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Goodnight Lenin

November 7th, 2010

It’s about time we at Purple Amp Towers declared for our new favourite Birmingham band – Goodnight Lenin.

Earlier in the year a buzz built up around these feisty young folk kids, largely due to extensive coverage across BBC Radio, on 6 Music, Radio 2 and WM. So much so, they were given the honour of headlining the Lunar stage and warming up for Donovan at this year’s Moseley Folk Festival. They did not disappoint.

They put a modern twist on the obvious references of Simon & Garfunkel and Bob Dylan, adding in really quite beautiful vocal harmonies and a real innocent quality.

Ragged Schools and Crook In The Creek are standout tracks and if the debut album matches up to the quality they’ve produced so far, don’t bet against it catapulting them to instant stardom.

Get well soon Lily

November 7th, 2010

Poor Lily Allen. A matter of days after losing a baby for the second time, she’s back in hospital with blood poisoning. Life’s not fair sometimes. Get well soon Lily xxx

Review – The Social Network

November 3rd, 2010

I took my first trip to the cinema in months last night, donning my trusty Sonic the Hedgehog t-shirt for the geekiest film of the year. A film about a website. My mother must be so proud.

I’ve always been interested in stories of entrepreneurs, due to a heady mix of admiration and jealousy. I see myself as an ideas man but lacking that special something to make them happen. Forget Alan Sugar or Richard Branson, the internet has spawned a new generation of entrepreneurs where anything is possible. Along comes someone like Mark Zuckerberg, who creates a worldwide phenomenon in a matter of weeks. You can’t help admire the guy, especially when it dawns on you you’re three years his senior.

So anyway, knowing the basic story of Facebook I went into this film expecting exactly what I got. A dramatised version of events with a healthy dose of fiction and humour thrown in to spice things up.

The major question mark for me was the ending. Mark sits in front of Facebook refreshing a page hoping his ex-girlfriend will accept his friend request. The End. It’s a scene that no doubt meets with an uncomfortable acknowledgement for many, but ending the film with him pining for a girl who barely features in the plot was not satisfying. It felt almost anti-climatic, but what else could be expected? How else do you end a film about an entrepreneur and his product which is still flying? On that note, perhaps this type of film would be more interesting based on Boo.com, Napster or numerous other turbulent internet businesses from days of yore. But that wouldn’t have had the same broad appeal. The thing is with Facbook is whether you love it or love to hate it, you know it.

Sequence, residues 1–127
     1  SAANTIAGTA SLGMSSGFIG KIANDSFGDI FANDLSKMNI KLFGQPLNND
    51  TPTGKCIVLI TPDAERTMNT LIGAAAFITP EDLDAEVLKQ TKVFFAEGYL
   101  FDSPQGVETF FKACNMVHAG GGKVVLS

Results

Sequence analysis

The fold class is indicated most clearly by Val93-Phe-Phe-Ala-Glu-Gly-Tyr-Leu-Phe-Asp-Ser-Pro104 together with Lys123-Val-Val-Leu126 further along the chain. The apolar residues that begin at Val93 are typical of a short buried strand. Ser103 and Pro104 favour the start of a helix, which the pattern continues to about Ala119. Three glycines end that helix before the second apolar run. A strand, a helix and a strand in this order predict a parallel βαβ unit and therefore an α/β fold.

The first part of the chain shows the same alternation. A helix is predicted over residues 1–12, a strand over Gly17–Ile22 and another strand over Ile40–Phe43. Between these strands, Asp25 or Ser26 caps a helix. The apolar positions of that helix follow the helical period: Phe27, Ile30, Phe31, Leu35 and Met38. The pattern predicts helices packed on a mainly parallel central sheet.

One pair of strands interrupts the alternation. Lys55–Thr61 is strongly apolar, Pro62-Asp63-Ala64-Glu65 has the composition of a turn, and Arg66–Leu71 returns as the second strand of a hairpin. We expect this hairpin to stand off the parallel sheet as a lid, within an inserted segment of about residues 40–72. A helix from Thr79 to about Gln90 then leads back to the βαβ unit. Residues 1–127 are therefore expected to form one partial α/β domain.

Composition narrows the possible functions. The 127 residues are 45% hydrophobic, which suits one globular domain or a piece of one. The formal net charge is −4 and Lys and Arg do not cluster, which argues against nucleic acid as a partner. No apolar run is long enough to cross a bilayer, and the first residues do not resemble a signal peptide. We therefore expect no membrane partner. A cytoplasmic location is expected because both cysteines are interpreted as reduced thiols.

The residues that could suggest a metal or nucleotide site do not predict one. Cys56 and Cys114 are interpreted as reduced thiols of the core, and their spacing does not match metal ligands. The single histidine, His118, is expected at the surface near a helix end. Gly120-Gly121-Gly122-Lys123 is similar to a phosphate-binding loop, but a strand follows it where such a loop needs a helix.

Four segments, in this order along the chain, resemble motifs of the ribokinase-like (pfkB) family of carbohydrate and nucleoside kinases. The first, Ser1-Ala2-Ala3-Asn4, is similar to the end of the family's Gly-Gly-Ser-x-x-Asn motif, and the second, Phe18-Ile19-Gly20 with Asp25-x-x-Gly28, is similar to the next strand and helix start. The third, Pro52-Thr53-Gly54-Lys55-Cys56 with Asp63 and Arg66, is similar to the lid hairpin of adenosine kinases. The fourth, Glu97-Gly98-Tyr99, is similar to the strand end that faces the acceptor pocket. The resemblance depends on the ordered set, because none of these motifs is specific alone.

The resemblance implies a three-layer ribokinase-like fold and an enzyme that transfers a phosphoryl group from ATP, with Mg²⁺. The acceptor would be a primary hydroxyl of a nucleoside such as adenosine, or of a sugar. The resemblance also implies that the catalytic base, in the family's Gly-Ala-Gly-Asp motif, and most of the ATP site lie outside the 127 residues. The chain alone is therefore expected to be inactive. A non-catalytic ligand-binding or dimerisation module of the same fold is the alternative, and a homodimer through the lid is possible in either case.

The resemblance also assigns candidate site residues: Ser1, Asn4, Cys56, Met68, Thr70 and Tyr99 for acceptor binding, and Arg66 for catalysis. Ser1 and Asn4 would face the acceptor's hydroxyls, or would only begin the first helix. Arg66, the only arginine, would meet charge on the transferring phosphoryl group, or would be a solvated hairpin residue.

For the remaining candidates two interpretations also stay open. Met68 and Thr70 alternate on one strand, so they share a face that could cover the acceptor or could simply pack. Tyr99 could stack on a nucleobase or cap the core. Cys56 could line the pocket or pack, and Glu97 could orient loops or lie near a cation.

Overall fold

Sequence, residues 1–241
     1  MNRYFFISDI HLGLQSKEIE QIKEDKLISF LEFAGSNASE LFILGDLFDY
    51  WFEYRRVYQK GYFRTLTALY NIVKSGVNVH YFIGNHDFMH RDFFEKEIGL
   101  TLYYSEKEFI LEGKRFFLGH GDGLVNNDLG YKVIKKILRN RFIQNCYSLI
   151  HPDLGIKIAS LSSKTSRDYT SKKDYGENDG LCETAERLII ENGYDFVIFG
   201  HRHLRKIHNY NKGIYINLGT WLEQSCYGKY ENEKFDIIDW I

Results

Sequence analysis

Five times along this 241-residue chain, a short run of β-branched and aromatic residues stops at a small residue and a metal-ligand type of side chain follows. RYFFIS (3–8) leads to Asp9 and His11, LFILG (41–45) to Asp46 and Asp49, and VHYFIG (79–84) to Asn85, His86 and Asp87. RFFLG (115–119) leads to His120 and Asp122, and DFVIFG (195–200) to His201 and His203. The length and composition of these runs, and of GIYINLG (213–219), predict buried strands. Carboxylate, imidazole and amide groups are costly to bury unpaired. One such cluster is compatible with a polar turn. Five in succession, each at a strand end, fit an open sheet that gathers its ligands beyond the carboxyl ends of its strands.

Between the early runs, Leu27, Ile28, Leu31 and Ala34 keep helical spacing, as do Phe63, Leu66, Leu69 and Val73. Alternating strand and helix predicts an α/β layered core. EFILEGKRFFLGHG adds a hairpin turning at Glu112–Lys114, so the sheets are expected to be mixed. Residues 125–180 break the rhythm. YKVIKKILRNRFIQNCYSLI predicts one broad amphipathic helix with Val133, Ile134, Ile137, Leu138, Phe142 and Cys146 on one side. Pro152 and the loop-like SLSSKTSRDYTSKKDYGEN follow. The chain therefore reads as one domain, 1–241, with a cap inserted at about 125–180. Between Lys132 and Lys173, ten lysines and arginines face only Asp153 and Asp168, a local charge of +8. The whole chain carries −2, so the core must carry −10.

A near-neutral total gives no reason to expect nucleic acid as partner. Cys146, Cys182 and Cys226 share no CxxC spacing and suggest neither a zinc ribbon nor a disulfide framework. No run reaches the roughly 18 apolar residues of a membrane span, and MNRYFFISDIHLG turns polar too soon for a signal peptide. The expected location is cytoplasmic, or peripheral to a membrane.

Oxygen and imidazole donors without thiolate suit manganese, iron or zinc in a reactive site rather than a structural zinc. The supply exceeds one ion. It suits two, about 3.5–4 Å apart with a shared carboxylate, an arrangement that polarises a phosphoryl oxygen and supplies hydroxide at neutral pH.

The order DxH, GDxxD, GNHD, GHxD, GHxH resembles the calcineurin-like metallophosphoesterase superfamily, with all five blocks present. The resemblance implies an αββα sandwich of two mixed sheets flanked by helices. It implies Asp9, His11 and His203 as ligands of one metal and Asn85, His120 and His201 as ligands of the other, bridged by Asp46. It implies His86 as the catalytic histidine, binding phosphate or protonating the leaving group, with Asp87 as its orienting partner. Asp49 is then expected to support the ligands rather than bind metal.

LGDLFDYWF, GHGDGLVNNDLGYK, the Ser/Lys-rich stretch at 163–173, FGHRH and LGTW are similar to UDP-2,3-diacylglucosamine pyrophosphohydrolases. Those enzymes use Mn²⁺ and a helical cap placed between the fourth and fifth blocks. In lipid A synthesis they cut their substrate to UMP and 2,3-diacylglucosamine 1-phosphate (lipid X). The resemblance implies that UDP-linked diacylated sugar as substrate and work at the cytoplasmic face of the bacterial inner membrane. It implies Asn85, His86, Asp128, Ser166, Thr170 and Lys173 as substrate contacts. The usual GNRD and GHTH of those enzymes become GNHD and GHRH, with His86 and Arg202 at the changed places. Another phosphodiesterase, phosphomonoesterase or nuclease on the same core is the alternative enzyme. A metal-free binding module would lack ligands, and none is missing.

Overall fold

Jesse Eisenberg is impressive as the aloof detached Mark Zuckerberg while there’s an amusing part for Justin Timberlake as Napster founder Sean Parker, although the character grates very quickly. I was in my geeky element throughout the film, but I can’t help wonder if the lack of any real plot or action would seriously bore the pants off a “normal” person.

In conclusion, there are 10 types of people in the world: those who understand binary, and those who don’t. If that joke makes you laugh, you will love The Social Network. If you didn’t realise it was a joke, steer clear.

Anais Mitchell – Hadestown

November 1st, 2010

I’m playing catch up a bit here, as I first discovered Hadestown whilst researching storytelling albums during the late springtime. Anais Mitchell’s gravelly innocence has spawned a number of solo albums, but her folk opera Hadestown has blown me – and many others – completely away.

It’s a concept album based on the Ancient Greek Orpheus myth, arching from the polite, delicate opening exchanges between Orpheus and Eurydice on Wedding Song, to the deep south influenced jamboree of Way Down Hadestown.

My love of folk music is often derided by friends and acquaintances but I challenge anyone not to be spellbound by this creation, which is far greater than the sum of its parts.

Even having said that, the individual parts are mightily impressive. Anais brings in countless guests to play the various characters in the story, most notably for me the wonderful Ani DiFranco playing the part of Persephone. DiFranco was Anais’ childhood idol, she then signed to her label and now for them to be collaborating is a lovely story in itself.

But that’s not where the story ends. I had the pleasure of seeing Anais live at the Hare and Hounds in October, accompanied by the Hadestown arranger Michael Chorney. Towards the end of the show, she announced a one-off performance of Hadestown with Ani DiFranco and Martin Carthy at the Celtic Connections festival in Glasgow. No prizes for where I’ll be heading in January!

It’s hard to sum up the Americana splendour of Hadestown, so I’ll leave you with some quotes and a sampler for you to make your mind up, but please, do spend an hour of your time listening to Hadestown (Spotify) in its entirety, you shall be rewarded.

See you in Glasgow!

“the earthiness of Shawn Colvin, the child-like bite of Joanna Newsom, and the urban jumpiness of Ani DiFranco” – AllMusic on Anais Mitchell

The songs are lyrical, while dramatic arrangements encompass Dixieland, string sextet and country. A rich, audacious and moving opus – The Observer on Hadestown

Anaïs Mitchell adds another record to this coveted pile, comfortably aligning herself with Sufjan Stevens, Joanna Newsom and the like in the process: singer-songwriters possessing both the audacity to take on brain-weltingly big concepts and the sheer talent required to pull them off. It is, simply, irresistible – Drowned in Sound on Hadestown

“Wedding Song”, both parts performed by Anais Mitchell:

“Why We Build The Wall” (feat. Greg Brown) and “Our Lady of the Underground” (feat Ani DiFranco):